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Roman Catholic Church, and generally in America became the Episcopal

Church. It was the established church of the Virginia colony where

Jefferson lived. (Later Jefferson would be influential in disestablishing

this church. In other words, he was raised as a boy in the traditions and

beliefs of the Christian cosmos with its ancient elements. But this would

soon be profoundly challenged. When he, beginning at the age of 16,

attended the College of William and Mary, he began a rapid transition from

a mild, uncritical world of theological beliefs the Anglican Church is not

one of emotional fervor in religion) into the modem critical ideas of the

so-called Enlightenment, into the "Age of Reason". And in fact it is

necessary to understand not only what Jefferson believed when he wrote

Declaration of Independence at the age of 33, but what he did not believe,

in order to clearly recognize the meaning of the "American Creed".

From his personal notebooks - where he wrote ideas which were of real

importance to him (they also constitute one of the few sources of insight

we have as to the young Jefferson's mind) - we are able to see into his new

ideas of the world. Jefferson, while young, was deeply affected by his

educational experiences at the College of William and Mary, both by his

personal contacts (for example, he came to dine and converse regularly with

the Governor of Virginia, whose father had worked for Sir Isaac Newton), as

well as by his readings. While only one of the seven faculty members at the

College was not an Anglican clergyman: Dr. William Small of Scotland; it

was he who the young Jefferson was most influenced by. Of him Jefferson

later wrote that he was "a man profound in most of the useful branches of

science...from his conversations I got my first views of the expansion of

science and of the system of things in which we are placed." (This is a

clear, if later-written, indication of Jefferson's transition from a

theological-religious to a natural scientific world-view.)

We know from his notebooks that be was deeply impacted by the writings

concerning religious and philosophical themes and history of Lord Boling

broke (1678-1751), whose works are a rather tedious, rationalist,

empiricist critique of all of the religious and philosophical systems then

known of in the world. Jefferson seems, from his note-taking, to have read

all of the several volumes at this early period as a student. (Jefferson

would eventually come to assemble one of the greatest personal libraries of

his time in America; it became the core of the current Library of Congress,

for, after the British burnt the first one in 1814, Jefferson sold his

personal library of about 6,500 books to the US Congress to rebuild its

library. Even with this comparatively small reading in Boling broke,

Jefferson received a broader and more solid intellectual education than

today most Americans do after many years of schooling.)

If Jefferson lived uncritically in the Christian cosmos as a child,

Boling broke's critical works (and not only this author) would have deeply

affected the Jefferson's young understanding - and this effect in his ideas

and philosophy lasted for the rest of his life. So that when we look to see

what Jefferson did mean of man and cosmos when he wrote the words still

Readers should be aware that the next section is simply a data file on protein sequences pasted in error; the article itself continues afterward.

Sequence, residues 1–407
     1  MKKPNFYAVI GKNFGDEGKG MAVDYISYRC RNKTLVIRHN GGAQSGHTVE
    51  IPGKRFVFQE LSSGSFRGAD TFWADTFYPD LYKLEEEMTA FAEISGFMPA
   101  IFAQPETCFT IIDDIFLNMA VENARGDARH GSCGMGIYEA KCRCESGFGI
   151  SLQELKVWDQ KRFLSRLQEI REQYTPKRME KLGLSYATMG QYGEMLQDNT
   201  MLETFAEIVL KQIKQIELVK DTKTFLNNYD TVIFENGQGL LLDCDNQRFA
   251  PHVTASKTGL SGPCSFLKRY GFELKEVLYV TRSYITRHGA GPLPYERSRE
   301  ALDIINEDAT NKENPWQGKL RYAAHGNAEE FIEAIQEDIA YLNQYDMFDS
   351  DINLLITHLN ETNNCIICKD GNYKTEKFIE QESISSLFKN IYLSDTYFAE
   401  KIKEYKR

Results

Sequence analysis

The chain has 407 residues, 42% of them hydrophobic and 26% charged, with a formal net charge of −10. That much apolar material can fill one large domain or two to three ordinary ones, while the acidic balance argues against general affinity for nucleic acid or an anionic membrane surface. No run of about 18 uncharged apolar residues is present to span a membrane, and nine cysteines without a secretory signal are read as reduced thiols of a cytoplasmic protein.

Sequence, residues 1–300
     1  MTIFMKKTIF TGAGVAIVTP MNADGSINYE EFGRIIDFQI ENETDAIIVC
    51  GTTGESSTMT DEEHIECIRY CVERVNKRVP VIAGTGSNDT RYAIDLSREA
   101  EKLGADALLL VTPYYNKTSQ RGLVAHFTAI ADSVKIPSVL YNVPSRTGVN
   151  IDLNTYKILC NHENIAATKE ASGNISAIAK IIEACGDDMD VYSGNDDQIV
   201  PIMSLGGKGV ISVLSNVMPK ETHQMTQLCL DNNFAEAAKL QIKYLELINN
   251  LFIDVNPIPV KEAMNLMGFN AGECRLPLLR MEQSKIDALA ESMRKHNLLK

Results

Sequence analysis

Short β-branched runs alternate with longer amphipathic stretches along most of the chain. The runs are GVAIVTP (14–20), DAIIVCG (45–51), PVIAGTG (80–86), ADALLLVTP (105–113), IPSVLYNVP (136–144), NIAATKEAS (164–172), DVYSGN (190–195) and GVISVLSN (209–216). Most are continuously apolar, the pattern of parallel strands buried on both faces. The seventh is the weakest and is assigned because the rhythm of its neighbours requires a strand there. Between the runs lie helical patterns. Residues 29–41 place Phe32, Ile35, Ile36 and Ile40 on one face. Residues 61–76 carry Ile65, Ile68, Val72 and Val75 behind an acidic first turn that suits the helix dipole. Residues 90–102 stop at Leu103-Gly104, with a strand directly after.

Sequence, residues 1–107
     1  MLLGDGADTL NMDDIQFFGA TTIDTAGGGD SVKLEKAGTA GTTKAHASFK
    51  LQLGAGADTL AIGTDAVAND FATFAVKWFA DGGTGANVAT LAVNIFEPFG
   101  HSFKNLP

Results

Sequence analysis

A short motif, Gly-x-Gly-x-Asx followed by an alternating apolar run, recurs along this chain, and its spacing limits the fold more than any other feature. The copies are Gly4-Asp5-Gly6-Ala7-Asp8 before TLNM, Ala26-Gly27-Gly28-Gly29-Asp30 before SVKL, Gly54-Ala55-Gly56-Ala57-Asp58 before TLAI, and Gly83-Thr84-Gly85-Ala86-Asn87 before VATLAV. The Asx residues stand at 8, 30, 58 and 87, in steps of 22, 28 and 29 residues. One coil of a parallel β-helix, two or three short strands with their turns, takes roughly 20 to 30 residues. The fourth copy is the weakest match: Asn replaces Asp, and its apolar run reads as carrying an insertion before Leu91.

famous around the world today, we find that he did not hold a religious or

spiritual view of man and cosmos, as had the early settlers (and still many

of Jefferson's contemporaries) of the "age of faith" in American history.

Indeed, Jefferson had rejected most of their ideas and beliefs, believing

rather in a material, physical, natural scientific view of man and world.

(He held a Deist view of God, as the original creator, who had ordered

nature and life through the "laws of nature", but otherwise was detached

from earthly life. And in general he tended to reduce all religion to

morality.) Closer to Darwin in spirit and time (of whose later writings he

could know nothing of course), Jefferson would later symptomatically place

busts of Bacon, Locke and Newton in his self- designed home of Monticello -

which is now become a place of American pilgrimage. This is an indication

of his lifelong adherence - beginning as a student - to a natural-

scientific view of man and world. Jefferson rejected most religions and

metaphysical philosophies and their ideas as myths. (He especially disliked

for example Plato, St. Paul, Athanasius and Calvin.) Sometimes he viewed

them as the deliberate fabrications of priests and kings to manipulate and

control their people. Jefferson thought that man's "reason" should rule


The “American Creed" and Mankind's Spiritual History

Jefferson's words came to be repeated on e. g. "Fourth of July

Celebrations" throughout America over the years and came to be a sort of

creedal statement as to what it means to be "American" - as we saw also in

the President's address in November of 1995 But in fact very few Americans

are clear about either the original context or meaning of the "American

Creed" - the "cosmos" of these words - or of Jefferson’s rejection of most

of the spiritual beliefs which many of these Americans personally hold,

commonly blended together with Jefferson's contrasting, antithetically-

conceived grand expressions! In other words, these ideas from 1776, still

alive today, are in fact only truly to be understood within a scientific-

natural view of man, nature, society. God and world. And this is so even

though the religious, spiritual and philosophical beliefs of the vast

majority of the US people - who often use them in close association with

Jefferson's phrases, when they explain and understand America and life -